In the cited quote above, Sun Tzu recommends using instruments and tools such as “gongs, drums, banners, and flags” to unite the attention of your host (referring to an army or in your case, a team). Doing so will allow your entity consisting to all focus on a particular point or area, which is very critical in the hecticness of battle.
League is a team game, so no matter how good you are, you’ll often have a tough time against a team that works together if your team is in disarray. The tools that Sun Tzu describes should immediately make you think of the communication tools in League such as visual and audio pings. Imagine the game without pings, it would be near impossible to do things like sneak an early Baron or set up a synchronized tower dive.
The goal of our Objective Skill is to help you understand your contribution in team-related endeavors. Securing Dragons, Rift Heralds, Barons, and towers, may require multiple team members to commit their time, but it’s often worthwhile because you can take control of the flow of the game and the map. The scores here will help you understand the type of objectives you tend to prioritize as well as the gains that your team makes once it has secured the objectives. Don’t forget to ping to coordinate!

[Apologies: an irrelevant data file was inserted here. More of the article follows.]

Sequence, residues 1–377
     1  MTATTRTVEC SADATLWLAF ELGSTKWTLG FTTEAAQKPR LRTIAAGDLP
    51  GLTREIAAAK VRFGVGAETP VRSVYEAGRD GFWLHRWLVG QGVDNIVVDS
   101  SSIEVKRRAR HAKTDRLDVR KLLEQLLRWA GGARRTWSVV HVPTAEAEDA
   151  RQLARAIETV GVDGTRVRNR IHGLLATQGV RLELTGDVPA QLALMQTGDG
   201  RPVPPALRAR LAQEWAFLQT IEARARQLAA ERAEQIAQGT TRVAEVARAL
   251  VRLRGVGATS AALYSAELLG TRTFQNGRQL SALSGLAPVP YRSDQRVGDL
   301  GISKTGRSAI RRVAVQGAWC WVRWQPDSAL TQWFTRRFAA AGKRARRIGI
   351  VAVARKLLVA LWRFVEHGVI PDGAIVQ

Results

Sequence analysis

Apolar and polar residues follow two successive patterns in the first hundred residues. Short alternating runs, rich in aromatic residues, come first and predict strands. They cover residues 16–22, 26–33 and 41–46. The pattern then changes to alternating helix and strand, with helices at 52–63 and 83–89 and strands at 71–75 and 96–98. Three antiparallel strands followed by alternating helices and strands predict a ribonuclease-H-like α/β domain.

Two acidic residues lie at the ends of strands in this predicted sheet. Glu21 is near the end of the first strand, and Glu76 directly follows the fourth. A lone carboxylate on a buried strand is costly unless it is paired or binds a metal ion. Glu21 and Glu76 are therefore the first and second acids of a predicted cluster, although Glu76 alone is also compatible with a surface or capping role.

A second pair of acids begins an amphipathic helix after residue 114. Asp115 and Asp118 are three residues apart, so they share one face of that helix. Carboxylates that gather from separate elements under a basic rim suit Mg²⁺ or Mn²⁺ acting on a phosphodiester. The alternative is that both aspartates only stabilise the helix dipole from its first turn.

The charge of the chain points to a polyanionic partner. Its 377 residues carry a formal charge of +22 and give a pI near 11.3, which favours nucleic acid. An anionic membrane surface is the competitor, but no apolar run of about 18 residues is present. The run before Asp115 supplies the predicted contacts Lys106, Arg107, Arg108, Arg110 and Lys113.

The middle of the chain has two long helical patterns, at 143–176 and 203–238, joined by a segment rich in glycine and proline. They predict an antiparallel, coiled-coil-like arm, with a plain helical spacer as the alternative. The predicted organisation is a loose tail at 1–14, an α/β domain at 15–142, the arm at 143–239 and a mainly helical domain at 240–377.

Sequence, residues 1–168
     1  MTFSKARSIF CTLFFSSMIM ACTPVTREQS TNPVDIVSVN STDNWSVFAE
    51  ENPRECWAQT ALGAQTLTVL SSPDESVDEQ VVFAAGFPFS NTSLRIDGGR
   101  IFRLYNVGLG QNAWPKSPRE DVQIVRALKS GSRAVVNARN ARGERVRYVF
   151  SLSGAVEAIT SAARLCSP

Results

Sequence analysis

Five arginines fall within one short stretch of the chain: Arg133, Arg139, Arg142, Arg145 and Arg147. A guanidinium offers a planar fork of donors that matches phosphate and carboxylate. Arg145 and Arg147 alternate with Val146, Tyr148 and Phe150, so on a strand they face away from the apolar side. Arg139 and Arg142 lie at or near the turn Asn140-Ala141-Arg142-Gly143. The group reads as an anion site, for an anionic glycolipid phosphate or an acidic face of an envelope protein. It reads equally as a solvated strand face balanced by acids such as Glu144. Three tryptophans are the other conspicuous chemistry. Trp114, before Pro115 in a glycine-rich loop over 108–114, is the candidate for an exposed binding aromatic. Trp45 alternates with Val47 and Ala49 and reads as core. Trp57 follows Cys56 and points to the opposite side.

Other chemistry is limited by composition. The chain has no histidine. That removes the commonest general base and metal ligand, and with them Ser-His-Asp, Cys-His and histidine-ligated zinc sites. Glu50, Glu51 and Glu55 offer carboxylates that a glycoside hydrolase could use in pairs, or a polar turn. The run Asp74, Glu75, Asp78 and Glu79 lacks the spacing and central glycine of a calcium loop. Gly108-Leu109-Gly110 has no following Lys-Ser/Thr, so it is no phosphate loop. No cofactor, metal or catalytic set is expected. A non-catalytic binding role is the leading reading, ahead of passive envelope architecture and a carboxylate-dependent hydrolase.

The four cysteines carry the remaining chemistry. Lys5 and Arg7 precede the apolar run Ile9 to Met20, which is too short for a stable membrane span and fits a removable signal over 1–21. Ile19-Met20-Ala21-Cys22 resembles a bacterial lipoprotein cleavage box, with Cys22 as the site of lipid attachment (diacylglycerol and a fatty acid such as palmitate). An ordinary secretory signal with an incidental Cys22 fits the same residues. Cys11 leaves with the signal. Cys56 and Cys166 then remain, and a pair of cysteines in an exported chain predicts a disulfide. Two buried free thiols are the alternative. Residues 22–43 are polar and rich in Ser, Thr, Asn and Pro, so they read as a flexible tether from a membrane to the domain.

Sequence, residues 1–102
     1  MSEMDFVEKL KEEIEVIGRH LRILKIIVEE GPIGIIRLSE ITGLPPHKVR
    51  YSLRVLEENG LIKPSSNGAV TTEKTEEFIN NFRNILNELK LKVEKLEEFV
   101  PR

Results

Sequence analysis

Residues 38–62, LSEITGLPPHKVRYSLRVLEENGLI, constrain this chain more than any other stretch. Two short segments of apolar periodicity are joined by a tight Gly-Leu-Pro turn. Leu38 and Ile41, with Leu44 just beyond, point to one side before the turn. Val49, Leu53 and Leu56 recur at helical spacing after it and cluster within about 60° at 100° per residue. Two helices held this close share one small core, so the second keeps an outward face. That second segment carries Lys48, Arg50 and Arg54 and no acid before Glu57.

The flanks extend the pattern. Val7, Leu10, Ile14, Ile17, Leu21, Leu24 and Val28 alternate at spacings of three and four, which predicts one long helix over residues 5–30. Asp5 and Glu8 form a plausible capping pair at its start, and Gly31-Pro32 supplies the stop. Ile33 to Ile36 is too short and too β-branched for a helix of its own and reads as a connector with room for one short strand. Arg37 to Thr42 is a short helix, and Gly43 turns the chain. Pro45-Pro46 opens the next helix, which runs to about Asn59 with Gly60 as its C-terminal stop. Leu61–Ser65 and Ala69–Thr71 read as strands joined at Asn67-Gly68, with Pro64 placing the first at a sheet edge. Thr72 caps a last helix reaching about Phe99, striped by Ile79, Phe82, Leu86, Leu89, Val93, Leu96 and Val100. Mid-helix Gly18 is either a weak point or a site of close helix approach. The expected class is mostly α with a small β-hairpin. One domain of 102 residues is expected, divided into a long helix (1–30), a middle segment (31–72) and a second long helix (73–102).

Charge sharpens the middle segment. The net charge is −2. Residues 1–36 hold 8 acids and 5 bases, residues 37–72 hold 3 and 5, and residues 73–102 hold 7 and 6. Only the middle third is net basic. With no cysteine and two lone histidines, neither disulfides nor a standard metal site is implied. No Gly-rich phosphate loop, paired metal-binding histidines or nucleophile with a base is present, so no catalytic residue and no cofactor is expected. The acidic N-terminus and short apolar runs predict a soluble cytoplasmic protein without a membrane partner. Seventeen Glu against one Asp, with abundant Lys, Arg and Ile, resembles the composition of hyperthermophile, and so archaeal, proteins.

In battle, it’s as important or even more important to know how to take a hit than give one. Casualties are a reality in war and you have to do your best to minimize yours to maintain your numbers and morale.
Sun Tzu explains that the keys to preparing for enemy aggression are readiness and making your position unassailable (meaning unable to be attacked). Readiness ties into knowing your enemy – if you know the nature of how, when, and where they want to make their strike, it becomes much easier for you to assess the situation and react accordingly. To prepare for receiving your enemy you should position yourself in a way that is safe and near impossible to breach.